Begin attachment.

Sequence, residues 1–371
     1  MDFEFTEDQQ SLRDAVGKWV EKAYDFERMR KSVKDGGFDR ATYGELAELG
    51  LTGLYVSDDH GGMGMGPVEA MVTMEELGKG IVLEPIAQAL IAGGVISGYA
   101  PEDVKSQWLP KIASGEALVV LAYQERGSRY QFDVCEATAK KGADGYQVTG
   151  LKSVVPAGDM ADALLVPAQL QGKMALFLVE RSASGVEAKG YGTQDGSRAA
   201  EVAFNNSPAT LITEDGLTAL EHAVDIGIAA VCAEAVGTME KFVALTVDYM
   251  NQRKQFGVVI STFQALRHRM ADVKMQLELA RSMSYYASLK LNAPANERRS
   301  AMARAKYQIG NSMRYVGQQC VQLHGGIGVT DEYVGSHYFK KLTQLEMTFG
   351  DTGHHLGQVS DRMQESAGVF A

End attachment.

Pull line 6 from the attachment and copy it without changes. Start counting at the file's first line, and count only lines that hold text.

   201  EVAFNNSPAT LITEDGLTAL EHAVDIGIAA VCAEAVGTME KFVALTVDYM